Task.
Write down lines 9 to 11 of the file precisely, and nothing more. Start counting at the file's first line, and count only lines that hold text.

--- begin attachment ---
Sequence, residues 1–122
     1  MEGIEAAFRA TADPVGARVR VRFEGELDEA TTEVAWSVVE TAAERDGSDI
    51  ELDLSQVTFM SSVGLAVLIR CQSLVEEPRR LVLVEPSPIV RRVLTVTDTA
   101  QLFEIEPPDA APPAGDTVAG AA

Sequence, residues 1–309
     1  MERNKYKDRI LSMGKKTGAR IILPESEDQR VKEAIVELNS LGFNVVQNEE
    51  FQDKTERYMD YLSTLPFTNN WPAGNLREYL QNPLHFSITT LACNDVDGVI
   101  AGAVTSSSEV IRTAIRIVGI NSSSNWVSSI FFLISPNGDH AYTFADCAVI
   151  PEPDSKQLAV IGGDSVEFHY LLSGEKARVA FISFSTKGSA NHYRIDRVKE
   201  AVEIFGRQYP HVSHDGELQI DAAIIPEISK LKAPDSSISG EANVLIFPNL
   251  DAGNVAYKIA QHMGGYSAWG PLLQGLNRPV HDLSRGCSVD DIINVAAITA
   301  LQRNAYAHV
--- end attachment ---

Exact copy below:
   151  PEPDSKQLAV IGGDSVEFHY LLSGEKARVA FISFSTKGSA NHYRIDRVKE
   201  AVEIFGRQYP HVSHDGELQI DAAIIPEISK LKAPDSSISG EANVLIFPNL
   251  DAGNVAYKIA QHMGGYSAWG PLLQGLNRPV HDLSRGCSVD DIINVAAITA